Pressure mounted on Secretary for Development Paul Chan Mo-po yesterday to step down after he backtracked on earlier statements that he knew nothing about illegally subdivided flats owned by a company controlled by his wife.
Candidates for next month's Legislative Council elections said it was no longer appropriate for Chan to stay as head of a bureau that supervises buildings and he should resign as soon as possible.
This followed a dramatic midnight response by Chan to weekend media reports that sub-leasing had been part of sales agreements for three blocks of flats bought by Harvest Charm Development at a time when he and wife Frieda Hui Po-ming were both directors.
Hui - the nominal controlling shareholder of the company - was also found to have sold a flat with sublease contract in 2009, implying the couple should have known about the unauthorised division of the flats.
It contradicted their earlier comments that neither knew about the rental arrangements and raised questions about Chan's integrity in the latest blow to scandal-plagued Chief Executive Leung Chun-ying's efforts to regain public trust.
Urged by Executive Council convenor Lam Woon-kwong to give a full account on Sunday, Chan responded by issuing a statement at 11.59pm that day - bringing fresh accusations that he had timed the statement to attract the least media attention.
He said that when he said he had 'no knowledge', he meant he did not know the 'present situations', adding that the flats, bought in Tai Kok Tsui between 1994 and 1996, were a long-term investment and rental income was secondary.
He has also pledged that during his tenure as minister neither he nor his wife will invest in property except for personal use.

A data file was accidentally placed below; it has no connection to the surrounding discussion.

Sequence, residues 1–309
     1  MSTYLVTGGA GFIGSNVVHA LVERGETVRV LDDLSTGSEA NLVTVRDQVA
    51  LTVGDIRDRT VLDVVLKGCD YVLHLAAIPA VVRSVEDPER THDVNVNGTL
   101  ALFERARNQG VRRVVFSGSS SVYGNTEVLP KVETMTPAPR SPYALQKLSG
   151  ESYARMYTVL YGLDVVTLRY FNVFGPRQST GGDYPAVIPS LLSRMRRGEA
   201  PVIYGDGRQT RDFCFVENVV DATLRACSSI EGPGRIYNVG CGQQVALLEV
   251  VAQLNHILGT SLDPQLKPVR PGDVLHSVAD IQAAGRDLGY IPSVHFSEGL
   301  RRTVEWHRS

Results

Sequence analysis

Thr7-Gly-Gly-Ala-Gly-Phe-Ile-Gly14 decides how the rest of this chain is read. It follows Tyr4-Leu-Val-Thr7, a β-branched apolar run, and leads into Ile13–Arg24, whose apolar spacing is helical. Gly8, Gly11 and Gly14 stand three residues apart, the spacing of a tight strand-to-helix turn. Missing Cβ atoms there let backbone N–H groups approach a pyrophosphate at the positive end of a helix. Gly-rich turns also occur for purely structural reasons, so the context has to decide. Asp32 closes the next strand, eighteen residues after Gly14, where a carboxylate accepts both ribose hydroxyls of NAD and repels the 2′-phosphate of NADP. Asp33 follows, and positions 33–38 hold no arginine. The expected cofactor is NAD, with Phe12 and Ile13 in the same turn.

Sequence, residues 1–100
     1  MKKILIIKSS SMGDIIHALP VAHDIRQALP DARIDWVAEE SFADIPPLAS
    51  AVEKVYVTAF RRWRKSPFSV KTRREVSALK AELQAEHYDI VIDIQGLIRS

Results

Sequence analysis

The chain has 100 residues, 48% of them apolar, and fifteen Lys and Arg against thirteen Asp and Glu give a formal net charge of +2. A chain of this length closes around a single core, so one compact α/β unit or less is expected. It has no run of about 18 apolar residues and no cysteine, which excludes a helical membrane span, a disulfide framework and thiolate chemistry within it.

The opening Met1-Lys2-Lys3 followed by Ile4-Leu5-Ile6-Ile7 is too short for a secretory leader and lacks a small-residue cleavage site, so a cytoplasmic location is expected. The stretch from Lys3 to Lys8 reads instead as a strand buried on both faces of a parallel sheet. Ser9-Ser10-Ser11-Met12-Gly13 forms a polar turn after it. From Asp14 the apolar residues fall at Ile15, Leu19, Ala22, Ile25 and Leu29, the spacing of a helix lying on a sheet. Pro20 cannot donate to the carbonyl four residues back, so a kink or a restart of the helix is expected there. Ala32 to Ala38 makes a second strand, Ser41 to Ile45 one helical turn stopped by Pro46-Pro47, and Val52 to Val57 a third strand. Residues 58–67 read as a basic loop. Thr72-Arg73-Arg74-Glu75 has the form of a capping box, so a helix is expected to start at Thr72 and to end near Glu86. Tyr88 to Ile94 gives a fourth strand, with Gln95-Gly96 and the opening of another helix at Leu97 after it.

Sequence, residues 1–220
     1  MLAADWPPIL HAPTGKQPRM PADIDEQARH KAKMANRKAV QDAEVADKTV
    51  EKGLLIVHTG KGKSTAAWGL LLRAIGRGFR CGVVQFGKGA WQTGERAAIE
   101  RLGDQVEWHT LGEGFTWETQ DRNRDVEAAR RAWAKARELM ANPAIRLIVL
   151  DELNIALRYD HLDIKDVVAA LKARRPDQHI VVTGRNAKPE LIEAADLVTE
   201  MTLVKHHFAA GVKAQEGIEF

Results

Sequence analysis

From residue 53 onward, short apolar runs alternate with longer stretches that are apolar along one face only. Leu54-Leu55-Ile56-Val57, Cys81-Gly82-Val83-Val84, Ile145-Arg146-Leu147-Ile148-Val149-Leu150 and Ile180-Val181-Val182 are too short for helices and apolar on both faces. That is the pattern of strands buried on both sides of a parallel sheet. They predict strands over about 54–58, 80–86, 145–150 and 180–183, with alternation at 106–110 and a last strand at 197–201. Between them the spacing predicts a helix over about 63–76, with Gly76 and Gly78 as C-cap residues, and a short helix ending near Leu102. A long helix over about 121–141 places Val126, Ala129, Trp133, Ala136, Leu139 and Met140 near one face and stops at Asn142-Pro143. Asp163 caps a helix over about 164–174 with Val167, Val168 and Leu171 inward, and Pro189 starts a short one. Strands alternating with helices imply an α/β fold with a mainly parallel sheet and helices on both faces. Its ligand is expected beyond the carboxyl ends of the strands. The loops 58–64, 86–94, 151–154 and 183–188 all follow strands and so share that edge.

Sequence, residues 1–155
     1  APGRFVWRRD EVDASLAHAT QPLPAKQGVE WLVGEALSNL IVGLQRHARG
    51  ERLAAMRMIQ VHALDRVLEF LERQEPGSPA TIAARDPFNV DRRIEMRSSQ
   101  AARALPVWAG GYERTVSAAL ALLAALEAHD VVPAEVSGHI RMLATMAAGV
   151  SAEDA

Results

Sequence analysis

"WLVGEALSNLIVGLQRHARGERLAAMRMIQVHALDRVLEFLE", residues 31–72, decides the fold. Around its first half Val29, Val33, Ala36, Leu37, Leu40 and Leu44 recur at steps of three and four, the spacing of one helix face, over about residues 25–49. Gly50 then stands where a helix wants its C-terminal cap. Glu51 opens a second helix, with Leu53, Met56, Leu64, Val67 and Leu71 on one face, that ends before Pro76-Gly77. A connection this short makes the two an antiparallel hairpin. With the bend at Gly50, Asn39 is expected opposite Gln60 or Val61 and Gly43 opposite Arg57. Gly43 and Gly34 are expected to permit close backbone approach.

Election candidates including James Tien Pei-chun and Miriam Lau Kin-yee from the pro-government Liberal Party, did not accept his explanation and urged him to step down.
'Subdivided flats are directly under him in his portfolio, but Chan had a well-planned business model to run the subdivided flats,' Tien said.
'Worse still ... it is an integrity issue because he said earlier that it was none of his business but [on Sunday] he admitted it himself, so it is no longer appropriate for Chan to stay.'
He added that Chan's continued presence would hamstring the bureau's work.
Lau said she also believed Chan should step down, 'because it will be hard for him to move on'.
Two pan-democratic candidates joined in the calls for Chan's resignation. Democratic Party chairman Albert Ho Chun-yan said that without a clear explanation that could convince the public Chan had not lied, 'the only way ahead for him is the way out'.
Independent Pamela Peck Wan-kam said: 'It would be best if Chan resigned as soon as possible.'
Ho and Peck are among candidates for the five newly created district council 'super seats', which will be decided by a citywide ballot of the 3.2 million voters who do not have a vote in any other functional constituency.
Other super-seat candidates who called on Chan to give a full public explanation included Lau Kong-wah and Starry Lee Wai-king from the Democratic Alliance for the Betterment and Progress of Hong Kong (DAB), as well as Beijing-loyalist Federation of Trade Unions' (FTU) heavyweight Chan Yuen-han.